The Magic Man Himself
If you get to thinking about it, there are any number of super specialized lineups a basketball coach could devise for any situation he might encounter in a game.
To get obsessed with such things in the way Tony LaRussa or Jim Tracy used to in baseball would get the coach branded a micromanager, a dubious title with derisive overtones, even when the coaching style worked.
But there are certain pairings, at least on the coach's white board, that would seem to offer certain tactical advantages in specific situations created by game pressure.
That is not at all to say that something that appears poor on paper would not by some mysterious alchemy become spun gold on the floor. Much of the powerful allure of organized sports is wrapped up in the unsolvable mystery known by the title of "team chemistry."
These slides propose to offer white board lineup cards for UCLA's basketball team, giving the coach, or in this case the armchair coach, the most venomous mixture of five players the team could put on the floor the moment certain production values are required to win a game.
Today UCLA is seventh nationally in scoring offense at 88.4 points per game. Getting baskets with this team of multiple proficient offensive players has not yet been a problem and likely won't be unless under extreme circumstances.
This is the Bruins' lineup that has been the most offensively productive.
1. Kyle Anderson
In a scoring lineup Anderson must be on the floor playing a versatile point-forward. He averages close to a triple-double every night, posting per game numbers of 13.9 points, 8.9 rebounds and 7.1 assists.
Anderson is also the cliched straw that stirs UCLA's offensive drink—he cannot be replicated or replaced.
2. Jordan Adams
This wing player is UCLA's deadliest all-around player. Averaging 29 minutes per night, he is getting almost 22 points per game to go with five rebounds and three assists.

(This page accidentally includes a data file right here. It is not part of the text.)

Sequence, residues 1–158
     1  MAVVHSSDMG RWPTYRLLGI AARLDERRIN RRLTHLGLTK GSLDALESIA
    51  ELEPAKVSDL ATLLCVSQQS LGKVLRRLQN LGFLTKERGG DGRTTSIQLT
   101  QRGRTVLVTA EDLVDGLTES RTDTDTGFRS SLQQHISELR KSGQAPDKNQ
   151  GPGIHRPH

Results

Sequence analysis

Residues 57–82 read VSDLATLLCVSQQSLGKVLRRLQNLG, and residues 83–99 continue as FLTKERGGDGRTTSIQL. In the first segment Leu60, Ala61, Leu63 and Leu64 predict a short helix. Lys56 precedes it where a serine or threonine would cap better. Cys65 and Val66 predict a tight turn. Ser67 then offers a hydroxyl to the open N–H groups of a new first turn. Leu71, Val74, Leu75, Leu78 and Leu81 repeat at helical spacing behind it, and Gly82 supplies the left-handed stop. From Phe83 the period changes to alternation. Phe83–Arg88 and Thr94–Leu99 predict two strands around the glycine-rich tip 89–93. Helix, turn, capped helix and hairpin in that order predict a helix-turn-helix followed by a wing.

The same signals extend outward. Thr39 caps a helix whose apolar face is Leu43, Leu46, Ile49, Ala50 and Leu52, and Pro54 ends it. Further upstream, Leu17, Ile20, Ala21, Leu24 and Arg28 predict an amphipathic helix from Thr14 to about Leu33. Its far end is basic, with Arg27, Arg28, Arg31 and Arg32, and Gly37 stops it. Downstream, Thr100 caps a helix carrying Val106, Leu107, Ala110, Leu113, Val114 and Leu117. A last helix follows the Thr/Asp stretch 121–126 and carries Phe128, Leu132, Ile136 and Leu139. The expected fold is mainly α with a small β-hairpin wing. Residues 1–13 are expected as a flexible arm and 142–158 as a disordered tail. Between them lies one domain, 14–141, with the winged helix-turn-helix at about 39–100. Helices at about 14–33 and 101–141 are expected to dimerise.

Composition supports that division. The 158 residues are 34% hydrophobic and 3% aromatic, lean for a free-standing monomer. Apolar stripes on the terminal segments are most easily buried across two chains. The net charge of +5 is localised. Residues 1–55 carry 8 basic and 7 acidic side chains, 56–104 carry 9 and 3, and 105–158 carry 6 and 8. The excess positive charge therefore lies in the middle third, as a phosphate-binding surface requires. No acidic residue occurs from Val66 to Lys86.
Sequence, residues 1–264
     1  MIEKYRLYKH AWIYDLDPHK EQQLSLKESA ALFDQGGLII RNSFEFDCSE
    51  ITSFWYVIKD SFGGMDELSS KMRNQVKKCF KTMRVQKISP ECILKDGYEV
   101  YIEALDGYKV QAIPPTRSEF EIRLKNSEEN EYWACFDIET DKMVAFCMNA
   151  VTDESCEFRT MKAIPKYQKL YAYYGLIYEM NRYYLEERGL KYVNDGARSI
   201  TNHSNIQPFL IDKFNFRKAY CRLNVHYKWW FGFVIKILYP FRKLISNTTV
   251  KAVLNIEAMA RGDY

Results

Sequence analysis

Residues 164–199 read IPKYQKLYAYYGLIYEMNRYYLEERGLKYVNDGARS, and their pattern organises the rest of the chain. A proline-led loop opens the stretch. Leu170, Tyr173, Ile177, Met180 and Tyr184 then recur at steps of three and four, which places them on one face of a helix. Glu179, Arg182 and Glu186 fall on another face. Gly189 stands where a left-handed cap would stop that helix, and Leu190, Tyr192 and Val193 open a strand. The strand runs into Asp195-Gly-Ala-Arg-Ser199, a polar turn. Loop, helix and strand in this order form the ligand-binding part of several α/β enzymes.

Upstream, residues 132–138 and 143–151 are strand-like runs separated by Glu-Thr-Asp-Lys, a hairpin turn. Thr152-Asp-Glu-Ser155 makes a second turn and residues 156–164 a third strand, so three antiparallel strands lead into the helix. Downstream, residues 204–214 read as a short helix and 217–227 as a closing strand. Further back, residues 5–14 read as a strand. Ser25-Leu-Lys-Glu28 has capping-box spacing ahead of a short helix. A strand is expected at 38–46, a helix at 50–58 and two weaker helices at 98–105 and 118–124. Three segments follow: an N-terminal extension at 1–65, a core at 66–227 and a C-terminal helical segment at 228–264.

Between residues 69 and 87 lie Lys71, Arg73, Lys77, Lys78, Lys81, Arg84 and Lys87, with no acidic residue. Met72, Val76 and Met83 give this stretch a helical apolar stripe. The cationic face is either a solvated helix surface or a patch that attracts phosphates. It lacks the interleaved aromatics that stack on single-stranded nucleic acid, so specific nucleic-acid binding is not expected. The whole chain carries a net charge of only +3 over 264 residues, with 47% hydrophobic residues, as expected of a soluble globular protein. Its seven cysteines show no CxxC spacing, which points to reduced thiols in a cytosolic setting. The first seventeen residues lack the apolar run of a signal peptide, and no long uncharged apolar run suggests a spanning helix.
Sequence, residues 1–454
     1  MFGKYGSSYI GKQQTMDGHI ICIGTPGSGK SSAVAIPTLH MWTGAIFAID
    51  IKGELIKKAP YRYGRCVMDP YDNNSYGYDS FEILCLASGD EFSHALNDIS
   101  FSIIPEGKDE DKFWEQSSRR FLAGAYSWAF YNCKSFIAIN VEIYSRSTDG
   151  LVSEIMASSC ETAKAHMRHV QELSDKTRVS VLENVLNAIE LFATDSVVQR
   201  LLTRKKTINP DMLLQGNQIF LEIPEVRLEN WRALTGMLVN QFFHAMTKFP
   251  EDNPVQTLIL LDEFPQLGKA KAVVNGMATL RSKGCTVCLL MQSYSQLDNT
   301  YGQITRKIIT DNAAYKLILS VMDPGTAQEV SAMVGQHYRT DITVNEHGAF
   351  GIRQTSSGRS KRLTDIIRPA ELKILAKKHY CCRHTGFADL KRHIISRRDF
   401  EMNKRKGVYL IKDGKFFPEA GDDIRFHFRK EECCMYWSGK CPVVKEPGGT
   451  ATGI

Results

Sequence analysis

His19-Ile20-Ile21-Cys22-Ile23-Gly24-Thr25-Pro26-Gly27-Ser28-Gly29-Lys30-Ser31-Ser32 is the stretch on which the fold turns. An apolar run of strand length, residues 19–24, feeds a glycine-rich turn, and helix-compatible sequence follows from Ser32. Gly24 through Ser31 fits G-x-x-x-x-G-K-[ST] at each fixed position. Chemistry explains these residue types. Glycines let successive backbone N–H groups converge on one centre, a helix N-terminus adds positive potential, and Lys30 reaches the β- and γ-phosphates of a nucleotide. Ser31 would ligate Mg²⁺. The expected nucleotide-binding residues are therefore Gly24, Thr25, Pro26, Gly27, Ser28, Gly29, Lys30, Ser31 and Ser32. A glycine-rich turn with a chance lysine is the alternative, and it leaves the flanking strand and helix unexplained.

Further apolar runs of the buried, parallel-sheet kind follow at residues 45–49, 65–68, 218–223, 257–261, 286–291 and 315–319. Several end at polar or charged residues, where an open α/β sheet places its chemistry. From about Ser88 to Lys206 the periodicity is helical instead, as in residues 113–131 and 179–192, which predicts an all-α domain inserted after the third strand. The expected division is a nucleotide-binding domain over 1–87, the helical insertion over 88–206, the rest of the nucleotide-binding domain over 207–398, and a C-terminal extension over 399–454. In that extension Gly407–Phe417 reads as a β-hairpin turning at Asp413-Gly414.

But Adams' efficency on offense results from his prowess on the defensive end. His intelligence and instincts combined with a nonstop motor make him a disruptive force, especially when it comes to creating turnovers.
Adams averages more than three steals a game and fires the starting gun on the Bruins' fast-break, which is what UCLA does best offensively.
3. Zach LaVine
The freshman star, who is scoring 14.2 points a game straight out of his "Made In Bothell, Washington" box.
His super-athletic and confident shooting presence alone allows to LaVine break down and change an opponents' defensive approach.
No one wants to get slashed and burned on a big dunk or suffer an and-one finish around the rim; but what makes LaVine especially difficult to defend is a tremendous shooting range that's becoming more consistent by the week.
A one-man floor-spreader, LaVine's presence on the court opens up a lot of space for UCLA's offense.
4. Norman Powell
I called him an X-Factor at the beginning of the season, and he has been exactly that.
Powell—one of the most experienced players on the roster—is fitting his role. He scores 12 points a night and can ignite the team with a scintillating slam, long-range shot or spectacular, energizing defensive play.
Powell is a great all-around contributor because, like Anderson and LaVine, he is good for around three rebounds and a steal per night, and his play often jump-starts UCLA's transition offense.
5. David Wear/Travis Wear
This spot has been filled by David Wear most of the season. His twin brother, Travis, sat out the first month recovering from an appendectomy and has not yet looked like his old self.